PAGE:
I created a public folder at Google Drive that contains the presentations, papers, and related materials for the recent MICELT 2018 and MELTA 2018 files. You can read them as PDF online or download them.
One possible resource for students' word study and language practice is Wikipedia and its related Wiktionary. However, the situation at Wikipedia is complicated. Beginning-level students (and their teachers) might have difficulty in navigating its text-heavy pages and multiple hyperlinks. There are actually at least four different resources at Wikipedia that might be useful. But the teacher will have to take great pains to make sure the students find and understand them. First, Wikipedia has various bilingual dictionaries that can be accessed from the top page of the Wiktionary site. For example, one can link to a Japanese Wiktionary (JW). The JW can be used as both E-J and J-J dictionaries. The J-J function can also serves as a minimal J-E one, since it will give a very short English translation for a searched Japanese word. Below in the figure is a screenshot of the result of using the JW's E-J function for the verb 'negotiate'. It includes an etymology, phonetic transcription of both US and UK pronunciations transcribed into both IPA and SAMPA (no special characters), a sound file, inflected forms of the verb, Japanese translations of the core meanings, example sentences in both Japanese and English, and finally important lexical derivations. However, the JW didn't give English definitions or collocations for 'negotiate'.
For English definitions, there is the English Wiktionary (EW). For example, the EW gave five definitions for 'negotiate', including one that is now obsolete. There is also the Simple English Wiktionary. However, it limits definitions to a list of key synonyms and synonymous phrases.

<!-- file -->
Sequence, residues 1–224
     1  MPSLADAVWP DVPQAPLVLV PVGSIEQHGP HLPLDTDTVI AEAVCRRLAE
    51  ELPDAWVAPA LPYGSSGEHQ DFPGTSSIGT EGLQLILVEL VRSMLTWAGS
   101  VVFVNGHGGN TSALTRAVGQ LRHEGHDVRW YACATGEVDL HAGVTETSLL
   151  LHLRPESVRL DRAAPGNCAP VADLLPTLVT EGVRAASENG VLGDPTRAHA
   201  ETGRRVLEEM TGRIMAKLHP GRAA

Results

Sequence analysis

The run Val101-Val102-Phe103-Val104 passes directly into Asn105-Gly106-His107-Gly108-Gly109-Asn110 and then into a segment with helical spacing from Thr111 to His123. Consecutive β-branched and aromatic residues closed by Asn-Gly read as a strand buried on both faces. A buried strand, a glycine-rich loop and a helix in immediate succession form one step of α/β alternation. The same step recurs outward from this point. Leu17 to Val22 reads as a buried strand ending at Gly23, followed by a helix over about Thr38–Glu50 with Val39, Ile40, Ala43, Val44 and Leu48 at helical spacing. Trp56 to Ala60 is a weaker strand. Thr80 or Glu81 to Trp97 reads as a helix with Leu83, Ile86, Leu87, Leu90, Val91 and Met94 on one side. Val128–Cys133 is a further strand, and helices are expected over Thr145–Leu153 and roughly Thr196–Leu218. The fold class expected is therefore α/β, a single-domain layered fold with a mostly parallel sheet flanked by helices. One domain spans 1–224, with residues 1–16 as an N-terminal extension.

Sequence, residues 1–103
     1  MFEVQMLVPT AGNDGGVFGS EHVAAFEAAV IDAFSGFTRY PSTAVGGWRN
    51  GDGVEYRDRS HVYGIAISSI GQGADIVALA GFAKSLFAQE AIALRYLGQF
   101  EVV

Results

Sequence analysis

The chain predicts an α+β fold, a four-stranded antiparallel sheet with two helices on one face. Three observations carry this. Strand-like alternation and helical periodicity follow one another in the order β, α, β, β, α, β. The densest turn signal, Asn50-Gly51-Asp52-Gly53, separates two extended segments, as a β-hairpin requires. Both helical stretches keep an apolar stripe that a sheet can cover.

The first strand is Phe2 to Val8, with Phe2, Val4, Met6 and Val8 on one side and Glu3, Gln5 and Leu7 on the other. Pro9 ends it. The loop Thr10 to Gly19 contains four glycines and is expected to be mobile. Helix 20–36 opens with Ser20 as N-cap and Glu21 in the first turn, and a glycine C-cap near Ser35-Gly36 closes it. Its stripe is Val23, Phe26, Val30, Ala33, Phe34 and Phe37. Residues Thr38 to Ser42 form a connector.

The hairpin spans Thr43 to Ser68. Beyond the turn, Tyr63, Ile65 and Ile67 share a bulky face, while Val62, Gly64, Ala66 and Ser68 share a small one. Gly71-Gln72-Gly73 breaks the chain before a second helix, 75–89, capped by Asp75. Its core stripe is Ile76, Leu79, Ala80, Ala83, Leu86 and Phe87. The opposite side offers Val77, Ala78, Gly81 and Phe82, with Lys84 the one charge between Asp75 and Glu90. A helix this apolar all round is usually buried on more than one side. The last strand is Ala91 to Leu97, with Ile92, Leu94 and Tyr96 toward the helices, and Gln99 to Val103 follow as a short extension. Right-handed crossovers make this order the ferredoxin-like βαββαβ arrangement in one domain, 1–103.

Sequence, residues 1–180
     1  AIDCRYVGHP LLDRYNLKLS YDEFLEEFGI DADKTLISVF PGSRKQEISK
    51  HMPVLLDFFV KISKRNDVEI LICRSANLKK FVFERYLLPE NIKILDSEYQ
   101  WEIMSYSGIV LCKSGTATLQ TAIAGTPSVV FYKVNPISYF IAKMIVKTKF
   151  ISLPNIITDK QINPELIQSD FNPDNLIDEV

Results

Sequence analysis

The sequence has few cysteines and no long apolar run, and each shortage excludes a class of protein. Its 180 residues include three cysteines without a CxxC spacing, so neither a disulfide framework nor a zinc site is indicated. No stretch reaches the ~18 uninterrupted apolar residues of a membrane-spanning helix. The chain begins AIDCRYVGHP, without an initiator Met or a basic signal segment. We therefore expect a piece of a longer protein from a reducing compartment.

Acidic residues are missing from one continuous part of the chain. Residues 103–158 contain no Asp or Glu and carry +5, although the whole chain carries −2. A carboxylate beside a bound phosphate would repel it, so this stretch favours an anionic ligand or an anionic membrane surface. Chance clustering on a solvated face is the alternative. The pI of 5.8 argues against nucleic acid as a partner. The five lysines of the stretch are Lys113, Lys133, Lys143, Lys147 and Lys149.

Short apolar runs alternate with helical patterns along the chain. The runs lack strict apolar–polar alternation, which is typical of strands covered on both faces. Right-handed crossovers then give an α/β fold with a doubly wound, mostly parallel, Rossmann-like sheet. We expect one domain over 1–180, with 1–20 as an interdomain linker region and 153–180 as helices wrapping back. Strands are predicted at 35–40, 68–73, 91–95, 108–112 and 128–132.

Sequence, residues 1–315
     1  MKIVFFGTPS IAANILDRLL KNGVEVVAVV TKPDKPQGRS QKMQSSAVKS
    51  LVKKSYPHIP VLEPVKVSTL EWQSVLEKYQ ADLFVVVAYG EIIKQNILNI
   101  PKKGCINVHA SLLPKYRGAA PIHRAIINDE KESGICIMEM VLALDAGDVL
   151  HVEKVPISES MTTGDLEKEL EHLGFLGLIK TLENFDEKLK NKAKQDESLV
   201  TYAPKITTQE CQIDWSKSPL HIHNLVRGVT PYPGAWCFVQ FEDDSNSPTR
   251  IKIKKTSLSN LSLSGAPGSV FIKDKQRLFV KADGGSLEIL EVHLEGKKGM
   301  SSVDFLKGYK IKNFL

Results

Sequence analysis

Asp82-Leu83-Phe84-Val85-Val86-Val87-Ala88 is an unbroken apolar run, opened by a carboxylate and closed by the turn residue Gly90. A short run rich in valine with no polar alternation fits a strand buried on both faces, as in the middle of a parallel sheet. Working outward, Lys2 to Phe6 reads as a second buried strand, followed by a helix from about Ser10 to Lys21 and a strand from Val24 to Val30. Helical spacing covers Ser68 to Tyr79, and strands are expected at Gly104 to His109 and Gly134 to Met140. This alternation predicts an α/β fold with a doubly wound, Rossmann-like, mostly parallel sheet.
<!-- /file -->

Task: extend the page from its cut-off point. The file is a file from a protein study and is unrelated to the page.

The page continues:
Finally, there is the Simple English Wikipedia. It has a lot of content useful for language learning and practice put into more basic English than the regular Wikipedia.
We can identify 'problem sounds' by three main ways: (1) differences across English and the L1 of the learners (contrastive analysis), (2) the actual pronunciation errors L2 learners produce (in general or based on language background), and (3) 'marked' sounds of spoken English that learners of various backgrounds might find difficult (for example, they are late in native acquisition processes, or they are rare sounds among most world languages or at least some major languages).
Here is a set of problem consonant sounds and contrasts that I have compiled with all three above in mind.
I am making a PDF available for download. It is an overview and quick guide about the textbook for teachers who are planning to use the book in their EFL courses. It may also be of interest for those who are considering the textbook for classroom use.
It explains the language proficiency levels that the book has been designed for (in terms of TOEIC, CEFR, etc.). It then looks at the main task sets in each unit. Finally, it gives a message that teachers might use in their first class to help their students engage the book and English learning in class. In future blog posts here, we will be looking at sample units and then specifically at how to teach and manage each task set in the book. We will also look at alternative procedures for running the tasks in class.
Please note, this file is not the teacher's manual. The teacher's manual is available from Asahi Press.